“After a while you get exasperated and jaded and frustrated about it all,” Kerry told The New Republic forum at the National Press Club. “I’ve had it just about up to here with America’s indifference to the realities of this crisis … the United States is like an ostrich putting its head in the sand.”

How do you feel about the U.S. political establishment, Senator Kerry? “I don’t know what’s happened to us in the body politic of this country where facts and science seem to be so easily shunted aside and disposed of in favor of simple sloganeering, pure ideology and little bromides of politics that are offered up, that offer no solution to anything but might get you through an election.”

from Tales from the Trail:

Green energy aspirations for Obama’s India visit

INDIAWhen Barack Obama heads for India next month, he'll be carrying a heavy policy agenda -- questions over the handling of nuclear material, the outsourcing of U.S. jobs and India's status as a growing economic power, along with regional relations with Pakistan and Afghanistan. But Rajendra Pachauri, the Nobel Peace laureate who heads the U.N. Intergovernmental Panel on Climate Change, hopes the U.S. president has time to focus on clean energy too.

Even as Pachauri and the U.N. panel evolve -- and as Pachauri himself weathers pressure from some quarters to resign -- he urged Obama to work on U.S.-India projects that he said would enhance global energy security.

Given India's red-hot economic growth rate -- 8 or 9 percent a year, Pachauri told reporters during a telephone briefing -- he said it makes sense for the United States to work with India to head off an expected soaring demand for fossil fuels.

from PopTech:

Does our economy make us happy?

FRANCE/

By Lisa Gansky

The opinions expressed are her own.

Does our economy make us happy?

The crash-and-burn of the financial system, a prolonged recession, and high unemployment obviously cause us enormous distress. We are forced to ask ourselves, “What can we afford now?”

The collapse has also made many of us rethink what we care about. We're finally asking, “Are all these things we’ve been buying (and probably still making payments on) truly making us happy?”

I started asking myself related questions long ago. Where do we look to derive value? What’s the source? As I talked with people, did research, and listened more intrusively to my own internal voice, I realized that in the process of choosing and buying we are actually being engulfed (essentially consumed), by the stuff in our lives.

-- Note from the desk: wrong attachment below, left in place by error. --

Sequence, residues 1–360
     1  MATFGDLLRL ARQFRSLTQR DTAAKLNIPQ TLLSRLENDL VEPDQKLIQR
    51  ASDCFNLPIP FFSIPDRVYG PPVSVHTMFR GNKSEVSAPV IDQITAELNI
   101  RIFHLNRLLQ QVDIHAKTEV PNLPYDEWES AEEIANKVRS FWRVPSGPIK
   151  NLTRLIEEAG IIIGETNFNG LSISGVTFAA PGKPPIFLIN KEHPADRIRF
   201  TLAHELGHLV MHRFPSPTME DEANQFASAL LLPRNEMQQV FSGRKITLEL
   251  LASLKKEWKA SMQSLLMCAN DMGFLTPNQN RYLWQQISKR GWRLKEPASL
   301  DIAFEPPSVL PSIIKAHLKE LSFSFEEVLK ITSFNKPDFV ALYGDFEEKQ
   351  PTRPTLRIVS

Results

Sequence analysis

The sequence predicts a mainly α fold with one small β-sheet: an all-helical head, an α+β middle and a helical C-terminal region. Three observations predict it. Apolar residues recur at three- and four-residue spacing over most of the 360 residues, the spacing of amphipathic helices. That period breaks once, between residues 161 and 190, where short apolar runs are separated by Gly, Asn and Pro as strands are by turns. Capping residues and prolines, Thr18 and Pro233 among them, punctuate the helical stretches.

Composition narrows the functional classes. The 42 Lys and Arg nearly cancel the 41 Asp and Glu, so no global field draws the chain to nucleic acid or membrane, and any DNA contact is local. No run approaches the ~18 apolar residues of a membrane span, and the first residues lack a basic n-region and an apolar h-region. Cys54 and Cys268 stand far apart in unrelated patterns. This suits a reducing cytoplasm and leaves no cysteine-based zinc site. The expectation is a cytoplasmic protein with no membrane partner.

The silent revolution in energy efficiency

– John Kemp is a Reuters columnist. The views expressed are his own —

John Kemp

Current debates about cutting energy consumption and carbon emissions often carry a strong undercurrent of asceticism.

There is an almost missionary zeal to save the planet by reverting to a simpler and more satisfying past when energy consumption was lower (or at least encourage other people to make necessary sacrifices).

But the post-war experience of the United States and other industrialized economies suggests it is possible to combine rising living standards with the same or lower energy use.

from The Great Debate UK:

Can emissions be tackled without Copenhagen deal?

Even if a deal is reached among political delegates at the upcoming United Nations Climate Conference in Copenhagen, it is unlikely to set out specific emission targets, says Mike Hulme, author of "Why We Disagree About Climate Change" and a professor at the University of East Anglia in Norwich.

"What we've done with climate change is to attach so many pressing environmental concerns to the climate change agenda that trying to secure a negotiated multilateral agreement between 190 nations is actually beyond the reach of what we can achieve," he argues.

Hulme, who will take part in a debate hosted by the Institute of Economic Affairs in November about carbon emission policies and economic activity before he heads to the Copenhagen conference, discussed his views with Reuters.

  •